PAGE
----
Adhere to the UN Convention to the Rights of a Child regarding child labor exploitation and forced labor
Display transparency and accountability
Like any other system, fair trade has its issues and criticisms. One of the biggest concerns is the producer certification fee associated with carrying the Fair Trade logo. Therefore, the system excludes small family farmers and producers who cannot afford to form cooperatives or associations, hence cannot become Fair Trade certified.
The existence of “green washing” or “social washing”—when large corporations claim to be fair traders while only importing a small fraction of their total products actually fair trade—is another drawback of the fair trade system. Whether a company imports 1 percent or 100 percent of its products fairly, it is deemed a fair trader. Unethical companies can abuse fair trade certification by marking up retail prices significantly, while only providing the growers with marginally higher prices.
Direct trade is a form of coffee sourcing practiced by some coffee roasters, and is defined by sourcing green coffee beans directly from farmers with a varied standard between producers. Direct trade is seen as an alternative to fair trade certification and represents the interests of the roaster, as well as the farmers who might disagree with the fundamentals of fair trade.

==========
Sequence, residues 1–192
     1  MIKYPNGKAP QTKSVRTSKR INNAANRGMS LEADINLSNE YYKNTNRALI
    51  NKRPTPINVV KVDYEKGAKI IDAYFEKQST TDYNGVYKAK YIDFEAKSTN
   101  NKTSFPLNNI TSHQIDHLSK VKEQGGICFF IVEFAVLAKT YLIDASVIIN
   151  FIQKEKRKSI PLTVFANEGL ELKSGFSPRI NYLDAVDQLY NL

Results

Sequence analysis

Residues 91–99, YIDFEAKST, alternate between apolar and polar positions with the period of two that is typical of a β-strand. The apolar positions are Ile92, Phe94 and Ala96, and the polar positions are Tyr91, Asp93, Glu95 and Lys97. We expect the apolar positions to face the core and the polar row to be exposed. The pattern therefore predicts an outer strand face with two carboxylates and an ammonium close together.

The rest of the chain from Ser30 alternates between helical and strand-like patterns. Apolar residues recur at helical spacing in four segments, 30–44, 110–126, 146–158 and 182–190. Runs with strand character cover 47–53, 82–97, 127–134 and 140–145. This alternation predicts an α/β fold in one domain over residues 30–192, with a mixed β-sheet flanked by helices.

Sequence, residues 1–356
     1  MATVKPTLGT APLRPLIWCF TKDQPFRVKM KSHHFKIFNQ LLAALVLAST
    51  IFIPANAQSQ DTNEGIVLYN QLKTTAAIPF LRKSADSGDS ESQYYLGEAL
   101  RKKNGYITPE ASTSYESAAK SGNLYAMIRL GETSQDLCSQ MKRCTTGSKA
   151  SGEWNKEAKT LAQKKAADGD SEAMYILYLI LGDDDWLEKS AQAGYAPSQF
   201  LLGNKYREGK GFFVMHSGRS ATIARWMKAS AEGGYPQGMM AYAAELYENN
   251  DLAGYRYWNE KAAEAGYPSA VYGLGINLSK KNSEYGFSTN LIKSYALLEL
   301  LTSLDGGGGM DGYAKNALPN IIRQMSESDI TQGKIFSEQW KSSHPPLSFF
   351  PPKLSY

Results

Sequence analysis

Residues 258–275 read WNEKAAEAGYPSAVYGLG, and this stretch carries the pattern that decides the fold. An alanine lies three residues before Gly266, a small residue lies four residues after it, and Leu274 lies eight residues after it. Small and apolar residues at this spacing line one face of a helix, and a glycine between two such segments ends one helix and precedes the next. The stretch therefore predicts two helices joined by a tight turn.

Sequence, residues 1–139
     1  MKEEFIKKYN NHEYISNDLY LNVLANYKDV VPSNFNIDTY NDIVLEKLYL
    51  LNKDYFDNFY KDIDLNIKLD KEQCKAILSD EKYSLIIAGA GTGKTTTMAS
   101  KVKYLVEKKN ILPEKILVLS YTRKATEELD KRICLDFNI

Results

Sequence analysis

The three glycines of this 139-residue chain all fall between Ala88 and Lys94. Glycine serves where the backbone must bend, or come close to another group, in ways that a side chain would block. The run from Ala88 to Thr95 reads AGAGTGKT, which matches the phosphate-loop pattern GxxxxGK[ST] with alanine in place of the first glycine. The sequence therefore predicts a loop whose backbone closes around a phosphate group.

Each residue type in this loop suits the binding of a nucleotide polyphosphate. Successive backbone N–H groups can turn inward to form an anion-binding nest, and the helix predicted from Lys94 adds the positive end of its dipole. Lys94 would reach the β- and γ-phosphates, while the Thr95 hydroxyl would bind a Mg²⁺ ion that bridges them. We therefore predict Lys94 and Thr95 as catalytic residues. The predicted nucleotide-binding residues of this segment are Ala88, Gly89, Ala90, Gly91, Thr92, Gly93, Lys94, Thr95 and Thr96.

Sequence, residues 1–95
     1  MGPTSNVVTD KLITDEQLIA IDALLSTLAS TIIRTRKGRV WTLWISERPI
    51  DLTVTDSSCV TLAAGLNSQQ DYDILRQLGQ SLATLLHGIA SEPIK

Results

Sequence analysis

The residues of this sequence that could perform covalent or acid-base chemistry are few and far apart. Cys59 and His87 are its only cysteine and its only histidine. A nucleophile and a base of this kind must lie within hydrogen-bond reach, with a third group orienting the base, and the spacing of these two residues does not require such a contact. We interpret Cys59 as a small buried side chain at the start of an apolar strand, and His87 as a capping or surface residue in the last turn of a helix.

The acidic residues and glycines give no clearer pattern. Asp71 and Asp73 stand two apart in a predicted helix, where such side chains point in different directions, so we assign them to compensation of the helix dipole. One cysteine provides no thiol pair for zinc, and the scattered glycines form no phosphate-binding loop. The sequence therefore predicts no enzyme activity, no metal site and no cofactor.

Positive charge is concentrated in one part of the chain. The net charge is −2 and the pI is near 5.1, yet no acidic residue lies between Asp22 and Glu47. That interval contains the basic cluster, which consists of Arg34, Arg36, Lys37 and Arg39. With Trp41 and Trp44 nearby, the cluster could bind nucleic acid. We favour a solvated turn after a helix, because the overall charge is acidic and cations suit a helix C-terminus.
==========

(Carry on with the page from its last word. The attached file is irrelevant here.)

The term was coined by roasters, who consciously eliminated the middlemen on both the buying and selling side, as well as third-party organizations that control certifications. This puts more money (as much as 25 percent more than fair trade) directly into the hands of the farmers. In return, growers agree to produce beans to the standards of the roasters, which differ from roaster to roaster.
The basic guideline for direct trade coffee is economic sustainability, with an emphasis on quality standards, social issues, and environmental concerns. Most plantations are visited once during the growing season and again during harvest. In addition to their farming practices, coffee roasters who visit the farms monitor such issues as plantation management, including the use of pesticides and herbicides; wastewater disposal; and maintenance of forest cover. Unlike with fair trade certification, most roasters involved in direct trade are flexible with their approach to labor concerns, if it is addressed at all.
Although many roasters now practice direct trade, the movement was pioneered by three roasters: Intelligentsia Coffee and Tea, Counter Culture Coffee, and Stumptown Coffee Roasters. These companies are considered the big three of the “Third Wave of Coffee,” a movement to produce high-quality coffee that is considered an artisanal beverage like wine, rather than a commodity like wheat.
Direct trade coffee is met with some criticism, as well, or at least skepticism. Many consumers wonder how they can be sure the coffee they’re buying and paying more for is actually what it claims to be. They can’t. But if they trust the company to stick to its own standards and they agree with those standards, then third-party certification is not necessary.
As we continue to progress as a planet and think with a more global mindset, additional types of certifications of not only coffee, but also other products like cacao, will present themselves. Consumers must choose their cause, educate themselves, and jump on that bandwagon to make a difference in the world. Whether it’s milk and two sugars or fair trade from Sumatra, the well-informed choice is inevitably theirs.